If you know UHAB, you know the Organizing and Policy Department – behind the wheel of The Surreal Estate – is just a small part of what UHAB does. Affordable housing with the cooperative model is at the heart of UHAB. We believe that the philosophies of shared equity and resident control are radical notions that are important aspects of fights against inequality and injustice everywhere. It’s not surprising, then, that the 1963 March on Washington has its roots in a NYC affordable housing co-op. As you will see, the cooperative model has been a common setting for in many well known Civil Rights struggles (and victories.) See the below blog post from guest contributor David J. Thompson, and reach him 530-757-2233 or firstname.lastname@example.org with any questions! Thompson is writing a book entitled “Cooperatives and the Civil Rights Movement,” due for publication in 2014. He is President of the Twin Pines Cooperative Foundation, and can be reached at 530-757-2233 or email@example.com. A shorter version of this article first appeared in the Co-operative News UK.
Velma Hill remembers the genesis of the 1963 “March on Washington” very well, even in August of 2013. “We met in Bayard Rustin’s co-op apartment at Penn South in New York City in early 1963. That night Tom Kahn and my husband Norm Hill and I, under Bayard’s guidance and leadership, crafted the concept for what soon became known as ‘The March on Washington for Jobs and Freedom’.”
Not long after, Rachelle Horowitz, another Penn South co-op member became one of the early organizers of the March. That spring and summer, Rachelle Horowitz’s one bedroom co-op apartment at Penn South became an un-official “March” headquarters. Working with Rachelle Horowitz on the “March” and staying with her in her co-op apartment that summer were; Joyce & Dorie Ladner, two sisters who were activists from SNCC (Southern Nonviolent Coordinating Committee) and Eleanor Holmes Norton, an activist friend and now Congressional member for the District of Columbia.
One evening, just days before the “March”, Civil Rights icon, John Lewis (then of SNCC and now congress member from Georgia) came over to practice his speech in full voice. On other occasions, Rachelle came home to find Dylan in her apartment practicing his songs for the “March”. Dylan had a crush on Dorie Ladner and was rehearsing with her “Only a Pawn in the Game” his new song about the June
1963 murder of Medgar Evers. Dorie was herself a great singer and had brought Dylan down to Greenwood, Mississippi to first sing the song in July of 1963. Because the four young workers on the “March” had to get some sleep, Rachelle Horowitz had the historical task of at different times kicking both Dylan and John Lewis out of her co-op apartment.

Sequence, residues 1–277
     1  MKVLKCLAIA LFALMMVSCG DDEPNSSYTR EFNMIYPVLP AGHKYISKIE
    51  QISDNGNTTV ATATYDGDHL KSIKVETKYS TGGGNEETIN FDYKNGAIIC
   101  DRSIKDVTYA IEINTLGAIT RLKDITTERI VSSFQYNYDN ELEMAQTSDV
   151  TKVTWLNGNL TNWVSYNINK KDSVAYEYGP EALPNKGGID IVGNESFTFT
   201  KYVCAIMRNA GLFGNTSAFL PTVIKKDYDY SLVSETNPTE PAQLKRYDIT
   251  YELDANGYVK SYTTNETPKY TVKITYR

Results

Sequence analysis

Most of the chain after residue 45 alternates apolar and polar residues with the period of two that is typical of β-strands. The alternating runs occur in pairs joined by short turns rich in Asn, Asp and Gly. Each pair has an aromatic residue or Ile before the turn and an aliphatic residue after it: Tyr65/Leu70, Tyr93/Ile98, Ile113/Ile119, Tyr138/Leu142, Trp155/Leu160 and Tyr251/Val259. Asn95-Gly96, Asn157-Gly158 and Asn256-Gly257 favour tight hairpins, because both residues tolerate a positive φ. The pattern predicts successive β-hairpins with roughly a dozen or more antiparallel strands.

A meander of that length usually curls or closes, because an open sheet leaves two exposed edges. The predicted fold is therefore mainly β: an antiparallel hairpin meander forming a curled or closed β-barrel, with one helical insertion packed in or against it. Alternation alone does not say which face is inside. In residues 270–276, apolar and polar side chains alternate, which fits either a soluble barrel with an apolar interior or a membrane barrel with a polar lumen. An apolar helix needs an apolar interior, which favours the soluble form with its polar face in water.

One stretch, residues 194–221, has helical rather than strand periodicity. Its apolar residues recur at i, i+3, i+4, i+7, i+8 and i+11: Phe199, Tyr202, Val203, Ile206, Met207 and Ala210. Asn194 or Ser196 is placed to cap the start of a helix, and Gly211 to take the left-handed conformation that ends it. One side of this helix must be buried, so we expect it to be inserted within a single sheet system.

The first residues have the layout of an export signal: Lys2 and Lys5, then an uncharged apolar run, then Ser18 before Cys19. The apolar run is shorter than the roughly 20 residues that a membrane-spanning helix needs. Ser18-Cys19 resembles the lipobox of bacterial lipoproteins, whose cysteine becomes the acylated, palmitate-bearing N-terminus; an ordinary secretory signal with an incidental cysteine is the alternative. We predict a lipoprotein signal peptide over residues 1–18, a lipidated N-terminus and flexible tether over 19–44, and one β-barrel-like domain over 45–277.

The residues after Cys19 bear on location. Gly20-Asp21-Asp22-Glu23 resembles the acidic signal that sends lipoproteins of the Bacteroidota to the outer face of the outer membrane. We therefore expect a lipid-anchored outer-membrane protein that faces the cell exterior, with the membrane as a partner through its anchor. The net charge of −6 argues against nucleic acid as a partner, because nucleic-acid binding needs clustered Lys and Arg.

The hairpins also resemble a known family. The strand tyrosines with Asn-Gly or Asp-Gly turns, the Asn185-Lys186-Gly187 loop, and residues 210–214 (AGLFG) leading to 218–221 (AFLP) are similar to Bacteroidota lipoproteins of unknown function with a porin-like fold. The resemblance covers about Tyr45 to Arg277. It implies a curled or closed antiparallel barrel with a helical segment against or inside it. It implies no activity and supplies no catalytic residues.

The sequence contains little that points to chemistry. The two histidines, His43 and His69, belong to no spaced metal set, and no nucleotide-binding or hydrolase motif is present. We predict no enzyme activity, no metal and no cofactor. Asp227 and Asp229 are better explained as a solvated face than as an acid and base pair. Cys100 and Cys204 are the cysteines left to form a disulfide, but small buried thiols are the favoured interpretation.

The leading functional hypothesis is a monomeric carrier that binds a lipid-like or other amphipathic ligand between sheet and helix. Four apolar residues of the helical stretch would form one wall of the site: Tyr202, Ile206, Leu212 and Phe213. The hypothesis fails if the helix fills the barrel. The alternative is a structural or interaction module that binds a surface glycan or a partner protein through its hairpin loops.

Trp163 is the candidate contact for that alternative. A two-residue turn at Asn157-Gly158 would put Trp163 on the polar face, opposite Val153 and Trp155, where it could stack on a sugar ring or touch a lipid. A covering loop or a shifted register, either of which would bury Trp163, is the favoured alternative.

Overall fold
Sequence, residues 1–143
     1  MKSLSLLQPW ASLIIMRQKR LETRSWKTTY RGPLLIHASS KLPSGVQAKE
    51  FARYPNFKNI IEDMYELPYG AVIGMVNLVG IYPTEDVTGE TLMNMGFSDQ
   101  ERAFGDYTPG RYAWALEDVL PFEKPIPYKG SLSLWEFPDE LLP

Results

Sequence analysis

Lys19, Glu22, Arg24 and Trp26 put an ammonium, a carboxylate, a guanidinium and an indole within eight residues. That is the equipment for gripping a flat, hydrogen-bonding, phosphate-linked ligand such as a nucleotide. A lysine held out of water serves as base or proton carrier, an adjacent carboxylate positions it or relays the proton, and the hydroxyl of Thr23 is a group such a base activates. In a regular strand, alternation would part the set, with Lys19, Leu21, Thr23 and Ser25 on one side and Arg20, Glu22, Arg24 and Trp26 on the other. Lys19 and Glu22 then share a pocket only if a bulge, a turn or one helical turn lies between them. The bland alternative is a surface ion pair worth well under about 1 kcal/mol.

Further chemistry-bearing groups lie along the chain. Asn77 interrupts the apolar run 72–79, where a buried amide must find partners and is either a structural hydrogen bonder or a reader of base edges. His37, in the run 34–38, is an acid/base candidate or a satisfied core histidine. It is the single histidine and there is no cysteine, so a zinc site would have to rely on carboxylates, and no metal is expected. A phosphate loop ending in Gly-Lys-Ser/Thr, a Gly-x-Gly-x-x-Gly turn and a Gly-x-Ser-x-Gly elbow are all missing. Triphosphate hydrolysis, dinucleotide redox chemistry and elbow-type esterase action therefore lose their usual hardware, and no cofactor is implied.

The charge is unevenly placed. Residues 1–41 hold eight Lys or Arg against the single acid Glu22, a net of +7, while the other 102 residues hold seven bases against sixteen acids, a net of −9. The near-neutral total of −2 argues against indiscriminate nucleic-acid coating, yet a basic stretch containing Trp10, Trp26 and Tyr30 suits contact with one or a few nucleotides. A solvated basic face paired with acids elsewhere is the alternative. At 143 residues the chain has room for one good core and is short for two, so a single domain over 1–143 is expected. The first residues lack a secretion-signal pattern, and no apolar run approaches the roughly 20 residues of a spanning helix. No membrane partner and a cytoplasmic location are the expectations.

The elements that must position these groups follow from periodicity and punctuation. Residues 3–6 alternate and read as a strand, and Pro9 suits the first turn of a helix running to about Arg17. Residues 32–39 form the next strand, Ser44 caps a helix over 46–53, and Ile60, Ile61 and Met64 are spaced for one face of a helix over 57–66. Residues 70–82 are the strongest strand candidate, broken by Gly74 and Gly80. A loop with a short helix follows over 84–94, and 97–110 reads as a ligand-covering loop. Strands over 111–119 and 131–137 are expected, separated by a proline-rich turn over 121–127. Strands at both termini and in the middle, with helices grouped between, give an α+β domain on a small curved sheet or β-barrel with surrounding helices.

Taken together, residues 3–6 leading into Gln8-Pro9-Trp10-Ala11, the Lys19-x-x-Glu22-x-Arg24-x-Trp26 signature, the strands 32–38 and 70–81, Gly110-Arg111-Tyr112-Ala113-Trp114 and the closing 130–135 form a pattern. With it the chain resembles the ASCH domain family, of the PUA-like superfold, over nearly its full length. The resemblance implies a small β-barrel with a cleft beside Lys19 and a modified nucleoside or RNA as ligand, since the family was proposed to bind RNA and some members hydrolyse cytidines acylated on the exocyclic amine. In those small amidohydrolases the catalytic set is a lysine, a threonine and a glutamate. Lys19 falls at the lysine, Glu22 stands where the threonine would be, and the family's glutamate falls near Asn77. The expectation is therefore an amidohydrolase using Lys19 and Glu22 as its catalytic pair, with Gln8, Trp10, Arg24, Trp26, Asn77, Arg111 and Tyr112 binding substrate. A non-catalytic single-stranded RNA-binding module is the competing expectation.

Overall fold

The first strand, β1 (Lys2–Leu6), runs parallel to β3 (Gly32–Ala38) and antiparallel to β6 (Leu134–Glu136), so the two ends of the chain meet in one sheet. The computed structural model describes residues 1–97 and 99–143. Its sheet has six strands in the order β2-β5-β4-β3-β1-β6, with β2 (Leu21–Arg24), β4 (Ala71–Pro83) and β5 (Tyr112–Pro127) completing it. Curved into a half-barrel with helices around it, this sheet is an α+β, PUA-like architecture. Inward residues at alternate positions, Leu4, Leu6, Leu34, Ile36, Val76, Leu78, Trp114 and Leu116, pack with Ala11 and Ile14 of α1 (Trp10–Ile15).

The 2,820 unit Penn South Co-op was sponsored by the International Ladies’ Garment Workers’ Union (ILGWU). Speaking at its opening in 1962 were President Kennedy, former First Lady Eleanor Roosevelt, Governor Nelson Rockefeller, NYC Mayor Robert Wagner, AFL_CIO President, George Meany, ILWGU President, David Dubinsky and others. The Penn South Co-op soon became home to many labor activists and civil rights advocates. Later, with Bayard’s help, Ernest Green of the Little Rock Nine moved into the co-op.
“During the 1960s we all lived or stayed at the Penn South Co-op. Norm and I still do,” says co-op member Velma Hill proudly. Norm and Velma Hill have committed their lives to labor and civil rights issues.
The 2013 commemoration of two events that occurred in 1963 will mark the 50th anniversary of the Civil Rights Movement in America. Yet, 1963 was both a high and a low moment in race relations in America.
The high occurred on August 28th, 1963. “The March on Washington” that Norm and Velma Hill helped to birth, brought over 250,000 people to Washington, DC to demand jobs and freedom for African Americans. The spectacle of so many Americans of all colors, peaceably gathered in front of the Lincoln Memorial, will stand forevermore. The stirring event concluded with Martin Luther King Jr’s majestic “I Have a Dream” speech. The ‘March” made an indelible imprint on America’s conscience.
The low point of the year was the September 15th killing of four young black girls attending the 16th Street Baptist Church in Birmingham, Alabama. Segregationists had planted the deadly bombs. The deaths sent the nation into shock and mourning. The two different events in 1963 demanded that America must change.
These events, and others that made up the American Civil Rights Movement, are fairly well known. But what about the everyday role of co-operatives in the Civil Rights Movement — efforts that began in the middle 1800’s and proceeded into the Civil Rights Movement and beyond? Here are just a few vignettes about the role of co-operatives in civil rights for African-Americans.